This helps you exert some control and stirs up feelings of suffering that are perversely pleasurable.Also, taking on new projects that prevent you from writing or making art lets you prove to yourself that you’re still strong and capable.You root around for something to look forward to and come up empty. Working on your creative projects feels like a grind, but you keep plodding away. I remember explaining this to a friend, who found it mystifying.There is research that shows that neuroticism (the tendency toward negative moods) is associated with lower rates of flow. Maybe you’re not getting enough rest because you’re too anxious to sleep, or you’re trying to cram too many tasks into a day, or you’re punishing yourself by staying up. In the morning I felt the crushing weight of all the things I had to do that day.Creativity coach Eric Maisel calls this our “existential intelligence.” If our daily activities don’t carry enough significance ~ if they don’t feel like a worthwhile use of our talents and passions ~ then soon we are asking ourselves, “What’s the point? ” (Eric Maisel has published a book called which I talk to him about in this post, When Medication Isn’t Enough.) You may recognize many of these signs in your life but still be slow to admit that you are depressed. Because it feels presumptuous to put yourself in that category when you’re still getting by.You feel like it would be insulting to those who are much worse off than you.Pacing and knowing how to say No are your strengths, but your creativity is more essential to your well-being than you realize.” from Jen Lee’s You notice a significant mood change when you have caffeine or alcohol.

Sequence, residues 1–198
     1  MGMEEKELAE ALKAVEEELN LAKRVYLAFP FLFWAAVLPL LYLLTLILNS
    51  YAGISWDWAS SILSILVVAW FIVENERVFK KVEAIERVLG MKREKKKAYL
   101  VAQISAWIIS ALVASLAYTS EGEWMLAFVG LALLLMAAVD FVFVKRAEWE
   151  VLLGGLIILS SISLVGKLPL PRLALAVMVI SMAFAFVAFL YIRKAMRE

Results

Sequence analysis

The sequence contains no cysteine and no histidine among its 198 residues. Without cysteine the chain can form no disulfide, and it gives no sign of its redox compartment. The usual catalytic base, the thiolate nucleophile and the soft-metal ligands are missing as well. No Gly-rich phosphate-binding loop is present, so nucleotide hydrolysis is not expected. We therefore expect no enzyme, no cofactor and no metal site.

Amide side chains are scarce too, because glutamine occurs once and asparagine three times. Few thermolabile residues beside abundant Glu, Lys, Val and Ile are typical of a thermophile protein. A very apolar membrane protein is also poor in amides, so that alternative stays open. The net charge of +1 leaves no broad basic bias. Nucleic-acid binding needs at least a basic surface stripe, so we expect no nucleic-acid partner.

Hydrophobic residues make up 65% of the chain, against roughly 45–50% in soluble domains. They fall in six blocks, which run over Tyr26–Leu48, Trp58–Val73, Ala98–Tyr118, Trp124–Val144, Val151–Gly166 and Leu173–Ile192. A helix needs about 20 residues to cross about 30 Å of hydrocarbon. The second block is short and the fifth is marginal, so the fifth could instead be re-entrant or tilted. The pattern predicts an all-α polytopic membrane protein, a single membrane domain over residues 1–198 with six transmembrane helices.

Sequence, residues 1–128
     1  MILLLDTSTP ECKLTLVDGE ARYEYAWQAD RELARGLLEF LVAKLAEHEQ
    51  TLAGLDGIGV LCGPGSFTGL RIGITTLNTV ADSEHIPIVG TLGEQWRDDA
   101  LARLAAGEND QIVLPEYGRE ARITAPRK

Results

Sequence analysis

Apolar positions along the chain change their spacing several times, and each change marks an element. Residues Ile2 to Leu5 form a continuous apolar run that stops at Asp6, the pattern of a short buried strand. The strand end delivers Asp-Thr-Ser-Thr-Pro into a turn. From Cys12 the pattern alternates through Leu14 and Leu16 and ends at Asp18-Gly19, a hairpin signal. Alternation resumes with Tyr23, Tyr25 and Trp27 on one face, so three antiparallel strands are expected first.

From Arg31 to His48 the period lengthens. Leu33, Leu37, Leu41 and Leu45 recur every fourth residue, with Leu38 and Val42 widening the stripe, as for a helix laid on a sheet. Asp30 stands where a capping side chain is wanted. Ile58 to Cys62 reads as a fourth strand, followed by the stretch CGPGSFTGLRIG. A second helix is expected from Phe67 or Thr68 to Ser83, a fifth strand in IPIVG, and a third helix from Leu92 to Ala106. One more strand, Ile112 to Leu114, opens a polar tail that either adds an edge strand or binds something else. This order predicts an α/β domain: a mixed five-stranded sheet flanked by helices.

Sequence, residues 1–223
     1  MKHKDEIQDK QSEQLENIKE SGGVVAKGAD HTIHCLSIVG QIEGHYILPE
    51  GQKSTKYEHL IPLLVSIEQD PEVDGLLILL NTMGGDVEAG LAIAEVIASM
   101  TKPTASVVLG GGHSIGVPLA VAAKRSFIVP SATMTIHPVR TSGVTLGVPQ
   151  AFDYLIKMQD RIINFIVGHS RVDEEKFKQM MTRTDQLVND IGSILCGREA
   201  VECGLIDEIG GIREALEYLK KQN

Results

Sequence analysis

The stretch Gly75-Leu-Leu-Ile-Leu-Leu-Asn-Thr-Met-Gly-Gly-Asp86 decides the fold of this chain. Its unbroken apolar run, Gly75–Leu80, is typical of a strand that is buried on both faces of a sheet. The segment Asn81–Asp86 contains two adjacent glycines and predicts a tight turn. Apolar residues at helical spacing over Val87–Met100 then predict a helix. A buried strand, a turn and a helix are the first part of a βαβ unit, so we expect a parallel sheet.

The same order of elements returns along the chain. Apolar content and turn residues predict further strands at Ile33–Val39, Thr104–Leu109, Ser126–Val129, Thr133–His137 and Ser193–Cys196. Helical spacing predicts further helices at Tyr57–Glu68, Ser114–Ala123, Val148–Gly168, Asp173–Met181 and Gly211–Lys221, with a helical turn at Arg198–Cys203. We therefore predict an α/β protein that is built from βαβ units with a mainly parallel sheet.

Most people would notice those signs, realize something was wrong, and hopefully get some help. Are you a writer or artist who gets depressed when you can't create the way you want?I'd love to tell you the story of my journey out of depression.My life’s work is to help writers and artists recognize their depression and find healing by making their creative work a priority.One of the ways I do that is by sharing my own story of depression and recovery in a memoir called The book is interspersed with coaching questions and exercises, which help readers take their own steps toward happiness.